Premier Edition: January 2014


A Tale of Two Laredos
Chen-ou Liu,Canada

The fireman from Nuevo Laredo looks at the body, muttering, “This is the 6ooth body I’ve pulled out of the Rio Grande.” There is noisy silence between the two of us as I turn and see a long line of trucks crossing into Texas. We continue to make our way downriver and, upon turning a bend, I see a boy and his dog caught in branches at the river’s edge.

one howl, then many . . .
the imprint of an eagle
on the winter sky

The Square Faded Pocket
Tricia Knoll, USA

Men carry their billfolds (excuse me, wallets) in butt pockets of jeans that are sometimes tight, sometimes not. Over time, the protuberance makes itself known by a rubbing away, a worn-off fading blue silhouette that doesn’t mean the man is old, just his pants are.

His mother decades ago told him to always keep a condom in that wallet. Over time its oval shows up as shadow on the brown leather wallet and the jeans--if it slides into and out of old truck seats often enough.

          His fingerprints
          on his mirror
          I do not wash away

Death and Life
Andy Burkhart, USA

July 17, 1979. Dad calls and says, "We lost Jonathan today, Andy". Initially I wonder, how do you lose a person, and then I realize what he is saying. Jonathan was my youngest brother. His death was sudden and tragic. It was his fifteenth birthday.

midnight stars
I search for the edge
of the universe

Three months later in a mine in Colorado. Everything underground moves on rails and I am the relief dispatcher. Today the regular dispatcher calls in sick. Early in the shift there is an accident involving high explosives and two people are killed, the explosives man and his helper. But for a sick call I would have been that helper. In the time I've known him this is the only sick call the regular dispatcher has made.

fresh air
through bare branches
a jigsaw moon

New York Moment
Charlotte Mandel, USA

Over my open paperback Duino Elegies purchased in of all places Port Authority Bus Terminal, a card is thrust. I meet the dancing look of a lithe young man, mirth in the recesses of his eyes scarcely shadowed by a large-brimmed hat, his jacket glove—fitted to the V of his waist. Beneath his card floats a phrase of Rilke’s prose: “one’s left with a mere intimation of the kind of speech that may be possible THERE, where silence reigns.”
     HELLO! I AM A DEAF PERSON say the words beside a dove with wings of an eagle, olive branch in the hook of its beak, flying over wind-flapping stars and stripes. I AM SELLING THIS and now sans serif shifts to italic with flowing capitals matching the flag’s brash insouciance: Pay Any Price You Like.
     It was a moment brought still—I and the mute cardbearer motionless in that spot.

groans of the city’s
millions of engine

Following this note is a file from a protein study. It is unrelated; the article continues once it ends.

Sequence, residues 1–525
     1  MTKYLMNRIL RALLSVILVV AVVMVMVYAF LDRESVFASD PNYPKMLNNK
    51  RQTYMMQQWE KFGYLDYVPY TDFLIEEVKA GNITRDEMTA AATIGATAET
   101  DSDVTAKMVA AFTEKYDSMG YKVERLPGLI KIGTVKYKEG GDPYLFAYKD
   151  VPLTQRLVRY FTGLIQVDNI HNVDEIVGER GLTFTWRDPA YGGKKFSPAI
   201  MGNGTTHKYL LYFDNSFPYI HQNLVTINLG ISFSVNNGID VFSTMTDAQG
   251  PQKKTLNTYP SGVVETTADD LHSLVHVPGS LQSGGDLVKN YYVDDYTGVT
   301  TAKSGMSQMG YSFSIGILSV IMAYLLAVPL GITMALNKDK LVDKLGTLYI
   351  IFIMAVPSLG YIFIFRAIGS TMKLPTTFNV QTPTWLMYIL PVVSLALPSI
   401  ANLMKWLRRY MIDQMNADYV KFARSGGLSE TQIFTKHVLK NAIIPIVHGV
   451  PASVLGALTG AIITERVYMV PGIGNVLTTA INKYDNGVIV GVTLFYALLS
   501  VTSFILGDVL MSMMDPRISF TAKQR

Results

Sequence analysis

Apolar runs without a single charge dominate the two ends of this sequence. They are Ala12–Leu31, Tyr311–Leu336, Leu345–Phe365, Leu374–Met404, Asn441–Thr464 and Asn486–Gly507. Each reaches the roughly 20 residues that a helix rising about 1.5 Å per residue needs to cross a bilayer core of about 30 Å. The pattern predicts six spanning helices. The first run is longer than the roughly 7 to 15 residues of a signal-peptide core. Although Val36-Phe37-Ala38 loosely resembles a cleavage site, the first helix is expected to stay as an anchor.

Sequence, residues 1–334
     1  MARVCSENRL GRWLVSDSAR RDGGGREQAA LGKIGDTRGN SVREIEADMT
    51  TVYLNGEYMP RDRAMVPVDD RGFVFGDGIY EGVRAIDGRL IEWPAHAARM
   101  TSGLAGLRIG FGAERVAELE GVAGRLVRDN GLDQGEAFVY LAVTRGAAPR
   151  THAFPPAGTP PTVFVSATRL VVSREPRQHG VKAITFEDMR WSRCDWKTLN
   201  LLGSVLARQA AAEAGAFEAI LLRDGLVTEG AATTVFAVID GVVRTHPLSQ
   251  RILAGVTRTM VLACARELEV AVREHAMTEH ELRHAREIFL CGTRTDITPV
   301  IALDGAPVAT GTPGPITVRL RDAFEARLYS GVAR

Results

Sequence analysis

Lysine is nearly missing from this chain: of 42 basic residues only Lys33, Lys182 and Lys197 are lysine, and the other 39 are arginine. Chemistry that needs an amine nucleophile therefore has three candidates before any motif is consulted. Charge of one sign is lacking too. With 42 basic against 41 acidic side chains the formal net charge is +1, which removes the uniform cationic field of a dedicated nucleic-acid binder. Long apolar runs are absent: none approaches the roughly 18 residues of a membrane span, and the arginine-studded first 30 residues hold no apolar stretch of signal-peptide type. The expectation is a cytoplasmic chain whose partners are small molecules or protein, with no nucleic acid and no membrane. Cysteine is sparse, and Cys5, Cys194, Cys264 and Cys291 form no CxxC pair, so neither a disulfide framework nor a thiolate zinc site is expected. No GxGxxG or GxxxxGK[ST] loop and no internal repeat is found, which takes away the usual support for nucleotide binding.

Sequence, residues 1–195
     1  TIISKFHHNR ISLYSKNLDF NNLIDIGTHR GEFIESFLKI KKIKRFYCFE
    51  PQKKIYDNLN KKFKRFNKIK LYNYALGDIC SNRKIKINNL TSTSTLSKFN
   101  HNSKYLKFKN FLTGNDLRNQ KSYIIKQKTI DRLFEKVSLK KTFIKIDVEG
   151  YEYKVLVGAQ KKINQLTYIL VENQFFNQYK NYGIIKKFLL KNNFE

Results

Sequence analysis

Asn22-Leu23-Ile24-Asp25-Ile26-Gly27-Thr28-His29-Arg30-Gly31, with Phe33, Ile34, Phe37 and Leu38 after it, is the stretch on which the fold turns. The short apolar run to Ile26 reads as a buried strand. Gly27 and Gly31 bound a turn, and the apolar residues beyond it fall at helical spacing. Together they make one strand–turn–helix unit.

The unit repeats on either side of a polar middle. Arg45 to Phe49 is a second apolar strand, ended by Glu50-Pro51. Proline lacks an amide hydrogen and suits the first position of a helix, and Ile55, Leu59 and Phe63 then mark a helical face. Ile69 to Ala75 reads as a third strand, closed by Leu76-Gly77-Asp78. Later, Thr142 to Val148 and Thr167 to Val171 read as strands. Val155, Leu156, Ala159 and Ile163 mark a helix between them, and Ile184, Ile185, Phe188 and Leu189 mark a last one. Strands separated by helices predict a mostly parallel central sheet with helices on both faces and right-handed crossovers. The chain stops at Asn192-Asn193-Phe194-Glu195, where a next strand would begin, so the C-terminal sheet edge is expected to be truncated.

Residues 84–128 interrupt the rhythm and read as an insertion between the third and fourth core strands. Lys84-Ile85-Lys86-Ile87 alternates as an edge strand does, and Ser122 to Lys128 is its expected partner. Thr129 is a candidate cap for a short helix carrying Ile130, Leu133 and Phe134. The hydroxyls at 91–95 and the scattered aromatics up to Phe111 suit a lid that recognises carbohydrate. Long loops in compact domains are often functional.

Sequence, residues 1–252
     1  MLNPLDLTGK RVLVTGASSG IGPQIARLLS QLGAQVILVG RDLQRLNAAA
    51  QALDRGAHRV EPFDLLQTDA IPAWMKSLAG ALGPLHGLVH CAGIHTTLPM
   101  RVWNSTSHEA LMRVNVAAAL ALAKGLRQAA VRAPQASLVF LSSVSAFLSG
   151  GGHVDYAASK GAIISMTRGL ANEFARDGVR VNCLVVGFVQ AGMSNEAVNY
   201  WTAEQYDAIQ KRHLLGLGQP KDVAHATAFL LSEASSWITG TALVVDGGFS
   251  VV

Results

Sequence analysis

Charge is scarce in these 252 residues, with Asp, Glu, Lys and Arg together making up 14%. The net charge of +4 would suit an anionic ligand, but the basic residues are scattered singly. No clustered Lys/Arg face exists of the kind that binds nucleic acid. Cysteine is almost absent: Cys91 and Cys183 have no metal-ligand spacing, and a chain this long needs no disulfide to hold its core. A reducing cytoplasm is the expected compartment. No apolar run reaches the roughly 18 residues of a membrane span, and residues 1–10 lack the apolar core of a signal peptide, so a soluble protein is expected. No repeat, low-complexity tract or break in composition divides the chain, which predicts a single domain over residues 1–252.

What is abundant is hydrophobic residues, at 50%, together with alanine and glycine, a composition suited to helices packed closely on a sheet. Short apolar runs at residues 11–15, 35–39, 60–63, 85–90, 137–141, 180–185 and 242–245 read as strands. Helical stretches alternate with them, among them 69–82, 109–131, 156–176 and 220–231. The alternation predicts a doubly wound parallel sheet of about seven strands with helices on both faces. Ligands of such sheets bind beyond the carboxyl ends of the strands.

jingle of my fifty cents

Adelaide B. Shaw, USA

The gate is nailed shut again. An aunt with no children and a younger uncle with four children. Neighbors. Sometimes speaking, sometimes not. My mother, the sibling in between, is neutral. When visiting my aunt, since the gate is locked, my sister and I meet our cousins at the end of the fence. We cross the street to the beach. The tide is out, and we go clamming on the sandbar and swim in the deeper water beyond it.

My head is held under the water. I think my lungs will burst. I have to breathe . . . I must breathe .. . Suddenly I’m free and pop up sputtering, gasping and crying while my older boy cousin laughs and swims off before I can hit him or scratch him or do any of the things I would like to do.

family visit
the afternoon slips darkly
into old wounds

When we leave, my sister and I give our clams to our cousins.

sunburned and sandy
at the dinner table
a sullen silence

Adelaide B. Shaw, USA

A young man in his mid-twenties, neatly and conservatively dressed. Dark gray suit, white shirt, gray, cream and black stripped tie. Hair short and parted on the left side. He is of Hispanic background possibly–olive tones to his complexion, his eyes a deep brown. A brief conversation on his cell phone in Spanish confirms my guess.

It is a Sunday afternoon in Starbucks. His well groomed appearance is in marked contrast to the other customers. Jeans, sweat pants, tee shirts, casual slacks-the usual attire for this locale, especially on a weekend.

He has with him a book in which he underlines periodically. Also a textbook, some sort of reference manual, perhaps, which he consults, then returns to his reading and underlining. On the floor is a handsome and expensive brown suede carrying case with leather straps and brass buckles.

I am interested and curious.

unfamiliar flower
the tightly closed buds
revealing nothing

Adelaide B. Shaw

Waking to bird song, rustling trees and blue sky. Chores await: make the beds, clean the kitchen, dust the furniture, vacuum the rugs . . . daily and weekly chores. My mother’s ethic, to keep a clean house. Mine, too. And yet . . .

tea on the porch
opening the cover
of a new book


Goran Radicevic, Crna Gora

I'm sitting on a rock next to the shore. The cold wind is blowing by the bay. A shore is colorful, many plastic bottles, plastic bags, and other various refuse. I wish I was born at a time when vinyl wasn't invented. Wood and cloth. Boats and nets.Twilight descends, fishermen are returning. One of them is drinking water. . .

it`s evening
in the wave swaying gently
a plastic bottle

Haibun: Tricia Knoll, USA

Cross-legged on the sidewalk, I’m digging out roots of shiny geranium, an invasive little weed with delicate pink flowers. Dirt stuffs my fingernails. I’m sweating under a very old straw hat. A tiny Japanese maple dangles drying leaves in my face.

A pair of walkers-by, brisk and young, one by one, say, “I love your garden.”

I respond, “I am a poet.”

           white crab spider
           with pink spots
           in the rose bloom